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Paul Coates -- Confidential File, April 28, 1959

April 28, 2009 |  2:00 pm


A Fellow to Whom We Should Subscribe

Paul_coatesNormally, I don't go around hawking newspapers.

Especially other people's newspapers.

But today, I make an exception.

Right now, this minute, I'm hustling sheets. At no commission.

Like I say, it's not The Mirror News I have tucked under my arm.

It's smaller. Only a four-page weekly. It's put out in the little Mississippi town of Petal. (If you've heard of Petal, you're a well traveled individual.)

The paper, appropriately, is called "The Petal Paper."

It's a one-man operation -- written, edited and printed by 37-year-old native Mississippian by name of P.D. East.

1959_0428_gaysNot so appropriate is the fact that the paper's readership in Petal is, according to today's Audit Bureau of Circulation, zero.

Five years ago, it was 2,300.

 But it was shortly after that, that Mr. East began writing the news as he saw it -- not as his advertisers wanted him to see it.

News that included some pretty shocking copy about the "rights" of Negroes in his home state.

With naive honesty, he reported the facts. All of them.

And, when he felt that his fellow townspeople were becoming overly emotional to the point of mob violence about certain race issues, he told them so, editorially.

That's how he fell out of favor.

He was branded a traitor, damnyankee and a few other things not quite so genteel.

But P.D. East kept on cranking his printing press. And, gradually, he built up a circulation outside of Mississippi. It's back to the 2,000 mark now.

Yesterday, I met P.D. East for the first time, and if you want my first impression of the man, the folks down in Petal have mislabeled him, Badly.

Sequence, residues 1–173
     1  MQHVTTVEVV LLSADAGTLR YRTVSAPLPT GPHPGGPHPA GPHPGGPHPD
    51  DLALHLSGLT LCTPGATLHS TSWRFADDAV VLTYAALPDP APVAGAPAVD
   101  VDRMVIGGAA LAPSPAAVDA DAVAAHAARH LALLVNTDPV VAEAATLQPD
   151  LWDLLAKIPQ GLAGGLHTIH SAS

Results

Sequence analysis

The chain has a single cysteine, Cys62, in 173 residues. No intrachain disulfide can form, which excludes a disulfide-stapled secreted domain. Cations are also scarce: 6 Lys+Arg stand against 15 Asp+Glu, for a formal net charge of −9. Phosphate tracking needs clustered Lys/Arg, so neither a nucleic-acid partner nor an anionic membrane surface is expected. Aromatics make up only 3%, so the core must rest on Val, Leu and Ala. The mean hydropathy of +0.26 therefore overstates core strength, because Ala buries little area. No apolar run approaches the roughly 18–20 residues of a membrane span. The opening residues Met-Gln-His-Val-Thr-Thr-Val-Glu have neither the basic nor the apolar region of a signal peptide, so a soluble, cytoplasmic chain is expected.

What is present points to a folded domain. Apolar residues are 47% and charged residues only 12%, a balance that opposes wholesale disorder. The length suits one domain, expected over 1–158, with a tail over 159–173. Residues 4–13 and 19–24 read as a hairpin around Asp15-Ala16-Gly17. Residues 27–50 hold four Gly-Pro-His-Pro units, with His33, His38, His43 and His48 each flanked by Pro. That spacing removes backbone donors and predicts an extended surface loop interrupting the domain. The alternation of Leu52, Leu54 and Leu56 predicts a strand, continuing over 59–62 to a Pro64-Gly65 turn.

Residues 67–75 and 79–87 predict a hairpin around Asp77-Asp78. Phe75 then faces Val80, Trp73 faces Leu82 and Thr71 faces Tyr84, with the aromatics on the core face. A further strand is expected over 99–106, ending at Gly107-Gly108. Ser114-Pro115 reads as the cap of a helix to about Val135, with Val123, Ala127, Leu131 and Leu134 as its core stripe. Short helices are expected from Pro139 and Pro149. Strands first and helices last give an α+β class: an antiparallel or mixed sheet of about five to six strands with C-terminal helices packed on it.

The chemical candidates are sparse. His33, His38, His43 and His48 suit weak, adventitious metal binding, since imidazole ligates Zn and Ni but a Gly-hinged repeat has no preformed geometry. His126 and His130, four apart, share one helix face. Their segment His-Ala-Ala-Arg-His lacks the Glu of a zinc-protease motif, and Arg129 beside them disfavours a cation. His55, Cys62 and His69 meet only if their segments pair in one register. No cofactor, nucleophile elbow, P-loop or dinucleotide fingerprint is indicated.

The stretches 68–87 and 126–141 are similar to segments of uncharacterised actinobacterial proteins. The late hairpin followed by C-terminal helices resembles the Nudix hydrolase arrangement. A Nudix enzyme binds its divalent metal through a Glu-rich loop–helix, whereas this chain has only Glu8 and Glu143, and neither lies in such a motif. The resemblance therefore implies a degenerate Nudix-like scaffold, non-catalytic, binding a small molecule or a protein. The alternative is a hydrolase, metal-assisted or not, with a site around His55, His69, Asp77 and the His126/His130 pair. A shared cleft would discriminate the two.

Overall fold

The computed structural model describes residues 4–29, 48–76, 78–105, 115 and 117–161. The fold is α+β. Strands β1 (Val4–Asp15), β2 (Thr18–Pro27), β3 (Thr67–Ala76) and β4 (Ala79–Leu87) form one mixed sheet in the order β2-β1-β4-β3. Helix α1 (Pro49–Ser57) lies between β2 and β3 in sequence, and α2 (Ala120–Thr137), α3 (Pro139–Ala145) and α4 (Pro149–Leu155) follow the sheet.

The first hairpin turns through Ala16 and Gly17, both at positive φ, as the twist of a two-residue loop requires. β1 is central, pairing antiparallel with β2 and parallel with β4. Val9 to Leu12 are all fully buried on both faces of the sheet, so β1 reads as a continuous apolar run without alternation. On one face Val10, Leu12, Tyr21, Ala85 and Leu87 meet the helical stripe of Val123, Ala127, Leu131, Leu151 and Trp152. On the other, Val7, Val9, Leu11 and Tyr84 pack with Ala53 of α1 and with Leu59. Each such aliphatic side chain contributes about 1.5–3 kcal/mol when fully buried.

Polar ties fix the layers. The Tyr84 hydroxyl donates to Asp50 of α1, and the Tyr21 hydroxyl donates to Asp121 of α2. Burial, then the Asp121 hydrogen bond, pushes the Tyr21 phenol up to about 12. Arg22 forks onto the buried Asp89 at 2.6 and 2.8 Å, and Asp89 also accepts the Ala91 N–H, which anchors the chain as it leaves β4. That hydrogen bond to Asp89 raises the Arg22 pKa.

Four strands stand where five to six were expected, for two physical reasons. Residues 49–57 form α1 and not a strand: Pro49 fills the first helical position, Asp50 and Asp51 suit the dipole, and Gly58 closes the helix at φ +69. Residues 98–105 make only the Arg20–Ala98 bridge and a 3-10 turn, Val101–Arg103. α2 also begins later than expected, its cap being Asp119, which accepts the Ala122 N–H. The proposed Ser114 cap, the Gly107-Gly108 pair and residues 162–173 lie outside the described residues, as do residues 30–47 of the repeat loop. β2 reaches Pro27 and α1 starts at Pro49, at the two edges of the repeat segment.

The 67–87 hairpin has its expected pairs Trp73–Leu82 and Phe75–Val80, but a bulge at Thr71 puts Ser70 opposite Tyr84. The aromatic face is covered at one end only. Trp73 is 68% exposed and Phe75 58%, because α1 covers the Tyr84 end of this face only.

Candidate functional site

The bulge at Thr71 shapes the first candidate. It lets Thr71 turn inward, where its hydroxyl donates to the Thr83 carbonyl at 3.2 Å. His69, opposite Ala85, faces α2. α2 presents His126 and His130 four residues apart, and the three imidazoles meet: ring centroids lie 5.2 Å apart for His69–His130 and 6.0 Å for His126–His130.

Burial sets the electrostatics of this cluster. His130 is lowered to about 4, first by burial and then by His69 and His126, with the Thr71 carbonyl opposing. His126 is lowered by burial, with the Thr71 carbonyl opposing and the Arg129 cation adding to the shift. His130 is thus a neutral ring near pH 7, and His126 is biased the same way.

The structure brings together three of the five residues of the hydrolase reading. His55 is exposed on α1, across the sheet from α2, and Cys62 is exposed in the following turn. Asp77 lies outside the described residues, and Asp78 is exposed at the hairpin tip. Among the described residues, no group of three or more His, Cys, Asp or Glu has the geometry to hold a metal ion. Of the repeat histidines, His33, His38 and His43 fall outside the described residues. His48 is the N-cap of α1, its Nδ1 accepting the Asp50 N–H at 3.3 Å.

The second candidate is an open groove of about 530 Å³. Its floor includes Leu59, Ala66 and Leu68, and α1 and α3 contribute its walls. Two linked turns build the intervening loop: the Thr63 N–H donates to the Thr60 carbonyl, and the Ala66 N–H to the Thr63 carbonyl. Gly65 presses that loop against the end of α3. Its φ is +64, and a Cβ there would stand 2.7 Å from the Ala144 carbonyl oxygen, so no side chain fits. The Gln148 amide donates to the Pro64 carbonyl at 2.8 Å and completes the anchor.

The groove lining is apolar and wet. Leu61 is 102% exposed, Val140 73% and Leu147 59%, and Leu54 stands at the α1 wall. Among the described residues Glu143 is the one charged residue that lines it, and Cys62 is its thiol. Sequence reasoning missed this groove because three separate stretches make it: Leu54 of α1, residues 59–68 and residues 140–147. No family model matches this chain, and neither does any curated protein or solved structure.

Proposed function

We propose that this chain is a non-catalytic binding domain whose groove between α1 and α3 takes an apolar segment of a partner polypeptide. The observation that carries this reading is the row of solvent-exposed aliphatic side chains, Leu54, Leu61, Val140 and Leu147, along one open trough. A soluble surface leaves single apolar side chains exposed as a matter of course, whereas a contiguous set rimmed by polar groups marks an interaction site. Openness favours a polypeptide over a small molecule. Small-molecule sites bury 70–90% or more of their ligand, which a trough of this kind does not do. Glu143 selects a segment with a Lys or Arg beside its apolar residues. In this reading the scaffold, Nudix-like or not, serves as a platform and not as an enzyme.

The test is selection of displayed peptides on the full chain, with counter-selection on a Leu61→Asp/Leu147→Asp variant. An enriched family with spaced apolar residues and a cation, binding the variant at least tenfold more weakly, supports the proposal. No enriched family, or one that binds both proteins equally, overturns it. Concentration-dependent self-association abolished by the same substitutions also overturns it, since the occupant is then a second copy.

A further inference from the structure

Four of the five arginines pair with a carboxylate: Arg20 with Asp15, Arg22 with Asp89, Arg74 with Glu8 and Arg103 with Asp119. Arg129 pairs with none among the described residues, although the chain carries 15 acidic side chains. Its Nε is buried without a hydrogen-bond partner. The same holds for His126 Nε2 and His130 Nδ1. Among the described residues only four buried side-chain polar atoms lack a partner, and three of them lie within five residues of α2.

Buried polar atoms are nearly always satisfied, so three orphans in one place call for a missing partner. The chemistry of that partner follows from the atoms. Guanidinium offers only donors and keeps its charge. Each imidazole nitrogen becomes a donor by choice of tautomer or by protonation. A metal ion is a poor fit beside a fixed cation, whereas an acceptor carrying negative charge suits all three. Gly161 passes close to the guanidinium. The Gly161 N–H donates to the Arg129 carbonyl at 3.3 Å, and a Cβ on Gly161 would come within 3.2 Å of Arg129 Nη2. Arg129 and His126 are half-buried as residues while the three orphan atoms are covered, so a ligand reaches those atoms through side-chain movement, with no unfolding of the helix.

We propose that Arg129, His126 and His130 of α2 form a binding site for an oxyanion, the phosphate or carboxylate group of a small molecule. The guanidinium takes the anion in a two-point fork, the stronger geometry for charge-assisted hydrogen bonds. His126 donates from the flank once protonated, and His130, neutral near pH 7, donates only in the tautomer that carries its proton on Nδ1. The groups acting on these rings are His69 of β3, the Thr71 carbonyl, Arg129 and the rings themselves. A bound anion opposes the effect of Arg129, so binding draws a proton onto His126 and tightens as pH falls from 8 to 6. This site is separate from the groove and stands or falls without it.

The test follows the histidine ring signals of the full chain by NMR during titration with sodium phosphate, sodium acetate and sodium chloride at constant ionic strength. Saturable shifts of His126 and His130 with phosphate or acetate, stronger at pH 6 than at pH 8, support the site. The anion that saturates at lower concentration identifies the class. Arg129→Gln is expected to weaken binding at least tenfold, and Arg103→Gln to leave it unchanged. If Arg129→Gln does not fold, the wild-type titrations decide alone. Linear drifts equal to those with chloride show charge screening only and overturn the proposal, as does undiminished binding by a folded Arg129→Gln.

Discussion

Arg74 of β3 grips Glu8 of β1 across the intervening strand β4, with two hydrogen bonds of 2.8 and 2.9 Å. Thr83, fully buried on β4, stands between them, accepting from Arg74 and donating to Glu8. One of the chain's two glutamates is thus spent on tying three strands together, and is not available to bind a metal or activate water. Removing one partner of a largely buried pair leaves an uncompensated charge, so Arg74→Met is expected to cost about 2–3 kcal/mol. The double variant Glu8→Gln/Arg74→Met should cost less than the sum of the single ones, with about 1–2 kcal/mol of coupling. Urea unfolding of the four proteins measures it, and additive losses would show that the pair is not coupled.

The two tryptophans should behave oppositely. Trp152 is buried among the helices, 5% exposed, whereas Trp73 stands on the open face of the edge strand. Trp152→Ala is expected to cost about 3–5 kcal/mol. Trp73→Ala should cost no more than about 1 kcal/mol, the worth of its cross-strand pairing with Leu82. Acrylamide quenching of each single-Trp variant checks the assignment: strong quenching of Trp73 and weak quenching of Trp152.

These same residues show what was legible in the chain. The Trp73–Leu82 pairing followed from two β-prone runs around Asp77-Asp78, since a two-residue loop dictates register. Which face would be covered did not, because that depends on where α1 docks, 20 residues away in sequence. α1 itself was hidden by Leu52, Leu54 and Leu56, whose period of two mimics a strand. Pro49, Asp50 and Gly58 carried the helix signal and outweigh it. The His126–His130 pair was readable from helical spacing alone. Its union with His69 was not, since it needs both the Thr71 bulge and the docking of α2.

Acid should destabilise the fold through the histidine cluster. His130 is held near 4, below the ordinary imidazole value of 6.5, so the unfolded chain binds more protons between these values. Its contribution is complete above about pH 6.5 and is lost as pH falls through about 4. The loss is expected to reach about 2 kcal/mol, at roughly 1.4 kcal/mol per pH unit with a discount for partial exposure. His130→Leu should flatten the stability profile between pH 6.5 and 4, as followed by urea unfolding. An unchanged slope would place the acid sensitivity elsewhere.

Yet, I made a similar misjudgment. I called him a crusader.

"I'm not a crusader," he informed me indignantly.

"I'm not an integrationist, either," he added. "I'm simply against discrimination."

East told me that his troubles began in 1954, right after the United States Supreme Court ruled on integration in the public schools and he began using his paper in the battle against racial hatred.

"And why the fight?" I wanted to know.

"Well," he began, "it was mainly a matter of conscience. I couldn't keep still and let people tear down this country's constitutional government.

East didn't make any home town friends when he published a picture of a Mississippi school for white children alongside one for young Negroes and asked his readers to guess which was which.

The answer was all too obvious. One was a bright new facility; the other little more than a dilapidated shack.

"What kind of social life have you led since you make your views public?" I asked East.

"On Christmas Day of 1956, my wife and I were invited out. That was the last time," he answered bitterly.

I asked him about old friends.

"There are several people," he explained, "People I went to school with. They won't even say hello when we meet on the street. "And I sure wish they would," he added, "because I'd like the privilege of ignoring them."

Living Always Takes Eating

There are some who wonder how East has managed to stay alive. Why some rebel hothead hasn't mowed him down.

"I wonder myself sometimes," he confesses, but adds that he hasn't much time to consider threats of physical violence.

"But what about your wife?" I said.

"She just wishes the whole thing were over and done with. That everybody, including me, would shut up."

But P.D. has refused to be stilled. He wants to continue shouting in print. And he wants, most of all, your help.

He wants you to join the other 2,000 subscribers. It'll cost you five bucks a year, which seems a small price to pay for somebody else's courage.